# Generate non-uniform random numbers

### Problem statement

Write a function that takes two arguments, an array of numbers (to choose from) and an array of doubles (probability of each choice), and produces non-uniform random number (eq. chosen from the first array) according to the corresponding probability in the second array.

``````EXAMPLE:

Input: s = [3,5,7,11], p = [9/18,6/18,2/18,1/18]

Output: 3 (5, 7 or 11)
``````

### Solution

Here is the actual code of the algorithm that implements a solution of a non-uniform random generator to yield next number using the specified sequence of possible numbers and list of probabilities:

``````/// Generates a non-uniform random number from the specified sequence
/// and using the specified probability.
///
/// - Parameter s: A sequence to generate numbers from.
/// - Parameter p: A specification (eq. probabilities) for the random generator.
public func next(s: [Int], p: [Double]) -> Int {
// Prepare state of the algorithm
var sum = 0.0, seq = [Double](repeating: 0, count: p.count)
// Compute a list of endpoints from the original specification
for i in 0...p.count - 1 {
// Define the current endpoint's boundary
seq[i] = sum
// Update boundary of the next endpoint
sum += p[i]
}
// Generate random double number from the specified range
let rx = Double.random(in: 0...1)
// Search for the closest endpoint using approximation
let nx = search(seq, rx)
return s[nx]
}
``````

Following is a helper function that implements binary search algorithm to find an answer using approximation technique, eq. if the specified value doesn’t have an exact match the algorithm choses an element that is closest to the one being searched for:

``````/// Binary search implementation with quirks, eq. returns either
/// the exact match or the closest element within the specified
/// range (approximation).
///
/// - Parameter seq: A sequence used to search for the specified value.
/// - Parameter v: An actual value to search for in the sequence.
func search(_ seq: [Double], _ v: Double) -> Int {
// Prepare state of the algorithm
var lo = 0, hi = seq.count - 1
// Keep iterating while operating within the boundaries
while hi >= lo {
// Compute position & query value of the element in the middle
let mid = lo + (hi - lo) / 2, vv = seq[mid]
// Is this an exact match?
if vv == v { return mid }
// Swith to the left part of the sequence
if vv > v { hi = mid - 1 }
// Switch to the right part of the sequence
else { lo = mid + 1 }
}
// Choose the closest approximate element in the sequence
return min(lo, abs(hi))
}
``````

Following is an example that the code performs as advertised and establish a baseline for any improvement work in the future: ### Bits & pieces

This coding challenge introduces a few very interesting techniques that implement core parts of the algorithm that generates non-uniform random number according to the specification provided by the user.

Lets get started!

The first statement initializes `sum` and `seq` variables that are used to translate sequence of probabilities into a sequence of intervals (eq. endpoints) in `0...1` range:

``````// Prepare state of the algorithm
var sum = 0.0, seq = [Double](repeating: 0, count: p.count)
``````

Next snippet is a loop to iterate over the probabilities, convert each into an interval and save it into `seq` variable that keeps intervals of the computation:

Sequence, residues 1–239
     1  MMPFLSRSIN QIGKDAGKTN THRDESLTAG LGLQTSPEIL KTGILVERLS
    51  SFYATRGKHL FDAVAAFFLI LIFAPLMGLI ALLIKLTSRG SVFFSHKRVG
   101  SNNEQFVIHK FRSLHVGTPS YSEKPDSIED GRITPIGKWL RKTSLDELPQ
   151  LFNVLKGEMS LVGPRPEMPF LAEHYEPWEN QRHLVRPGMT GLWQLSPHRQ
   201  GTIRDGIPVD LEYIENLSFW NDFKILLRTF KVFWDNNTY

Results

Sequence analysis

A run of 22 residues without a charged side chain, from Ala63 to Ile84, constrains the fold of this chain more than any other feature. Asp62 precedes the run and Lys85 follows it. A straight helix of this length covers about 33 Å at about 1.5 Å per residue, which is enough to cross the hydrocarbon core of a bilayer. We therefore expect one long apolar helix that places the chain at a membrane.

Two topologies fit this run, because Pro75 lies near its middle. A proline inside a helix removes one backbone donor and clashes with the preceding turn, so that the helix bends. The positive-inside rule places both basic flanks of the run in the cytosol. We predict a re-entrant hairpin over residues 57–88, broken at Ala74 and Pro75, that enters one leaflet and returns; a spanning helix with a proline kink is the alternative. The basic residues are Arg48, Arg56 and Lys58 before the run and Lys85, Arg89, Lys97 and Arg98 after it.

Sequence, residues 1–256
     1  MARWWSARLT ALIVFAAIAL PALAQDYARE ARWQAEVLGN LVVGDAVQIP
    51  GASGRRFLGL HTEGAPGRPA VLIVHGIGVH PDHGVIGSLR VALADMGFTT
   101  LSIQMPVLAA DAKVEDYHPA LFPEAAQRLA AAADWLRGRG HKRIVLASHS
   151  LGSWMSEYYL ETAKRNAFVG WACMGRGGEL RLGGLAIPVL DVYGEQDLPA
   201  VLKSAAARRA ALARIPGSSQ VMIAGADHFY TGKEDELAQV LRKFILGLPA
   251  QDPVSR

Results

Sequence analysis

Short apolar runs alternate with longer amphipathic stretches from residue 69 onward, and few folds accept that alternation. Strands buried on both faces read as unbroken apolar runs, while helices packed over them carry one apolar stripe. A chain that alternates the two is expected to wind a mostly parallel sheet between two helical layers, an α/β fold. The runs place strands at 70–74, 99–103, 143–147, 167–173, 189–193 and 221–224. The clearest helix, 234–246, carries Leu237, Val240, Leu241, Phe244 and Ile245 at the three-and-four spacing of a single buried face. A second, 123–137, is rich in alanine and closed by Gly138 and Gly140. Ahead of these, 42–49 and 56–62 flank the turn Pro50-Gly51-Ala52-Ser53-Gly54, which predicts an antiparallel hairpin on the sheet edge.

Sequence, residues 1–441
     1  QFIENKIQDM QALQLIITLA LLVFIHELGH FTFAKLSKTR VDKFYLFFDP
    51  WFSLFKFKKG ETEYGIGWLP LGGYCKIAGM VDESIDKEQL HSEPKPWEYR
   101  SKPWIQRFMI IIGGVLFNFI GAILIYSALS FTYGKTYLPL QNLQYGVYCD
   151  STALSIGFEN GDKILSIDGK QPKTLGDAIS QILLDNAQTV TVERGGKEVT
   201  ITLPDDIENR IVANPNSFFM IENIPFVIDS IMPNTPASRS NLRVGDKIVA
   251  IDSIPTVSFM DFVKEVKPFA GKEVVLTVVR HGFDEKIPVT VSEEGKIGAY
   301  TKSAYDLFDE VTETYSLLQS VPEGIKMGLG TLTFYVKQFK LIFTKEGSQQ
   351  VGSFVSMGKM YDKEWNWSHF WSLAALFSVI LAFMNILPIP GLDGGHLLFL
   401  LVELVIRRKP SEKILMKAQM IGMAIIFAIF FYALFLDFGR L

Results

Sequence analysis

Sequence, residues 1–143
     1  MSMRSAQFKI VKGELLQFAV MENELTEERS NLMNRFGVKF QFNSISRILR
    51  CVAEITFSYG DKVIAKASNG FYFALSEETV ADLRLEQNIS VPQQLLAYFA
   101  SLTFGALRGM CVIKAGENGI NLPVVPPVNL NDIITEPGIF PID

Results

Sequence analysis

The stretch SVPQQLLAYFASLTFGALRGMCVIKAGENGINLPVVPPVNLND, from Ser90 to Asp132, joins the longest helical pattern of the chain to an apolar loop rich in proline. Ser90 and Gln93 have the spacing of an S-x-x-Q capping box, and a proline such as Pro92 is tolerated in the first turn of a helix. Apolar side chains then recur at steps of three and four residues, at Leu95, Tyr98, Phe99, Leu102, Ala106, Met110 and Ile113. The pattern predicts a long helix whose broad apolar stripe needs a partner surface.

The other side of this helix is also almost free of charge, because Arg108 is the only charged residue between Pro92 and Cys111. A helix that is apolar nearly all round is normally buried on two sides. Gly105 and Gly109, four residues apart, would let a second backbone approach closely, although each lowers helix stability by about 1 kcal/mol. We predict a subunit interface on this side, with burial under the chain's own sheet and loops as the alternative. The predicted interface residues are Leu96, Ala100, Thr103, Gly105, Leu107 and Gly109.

``````// Compute a list of endpoints from the original specification
for i in 0...p.count - 1 {
... inner block of code ...
}
``````

Following statement, the first in the loop to save current value of `sum` into `seq` array of intervals:

``````// Define the current endpoint's boundary
seq[i] = sum
``````

This statement, last in the intervals translation loop, adds the current probability to `sum` variable to make it into an interval (eq. previous interval is followed by the next one):

``````// Update boundary of the next endpoint
sum += p[i]
``````

Following picture is a visual representation of how `seq` variable would look like after the transformation is completed for the input specified in the original example (big dots happen to be the endpoints of the intervals and values of `seq`): Now, to help you understand better how these somewhat abstract intervals can be translated into an actual choice that the generator would have to make when invoked, here is another imagery that maps every interval into the corresponding number from the original number sequence: Next statement generates a random number with floating point in `0...1` range (inclusive) that represents our generator’s choice of the next randomly chosen number and since our constraint is to provide non-uniform random number we make it biased towards the interval it corresponds to:

``````// Generate random double number from the specified range
let rx = Double.random(in: 0...1)
``````

For the sake of clarity, lets make an assumption that this time `rx` variable has been populated with the value of `0.375` and the next picture outlines how our non-uniform random number generator would make a decision about which number (in this case `3`) to return based on the current value of `rx` variable (marked by big red dot) : Following statement performs a binary search using the helper function that either returns the exact match or an element that is the closest to the value being searched:

``````// Search for the closest endpoint using approximation
let nx = search(seq, rx)
``````

Finally, once the index of corresponding interval is found, it is now time to return the answer to the calling code that corresponds to the next non-uniform random number chosen by our generator:

``````// Here is our answer
return s[nx]
``````

That’s all folks! 🍯

Here is a Swift playground for this article at Github: Generate non-uniform random numbers.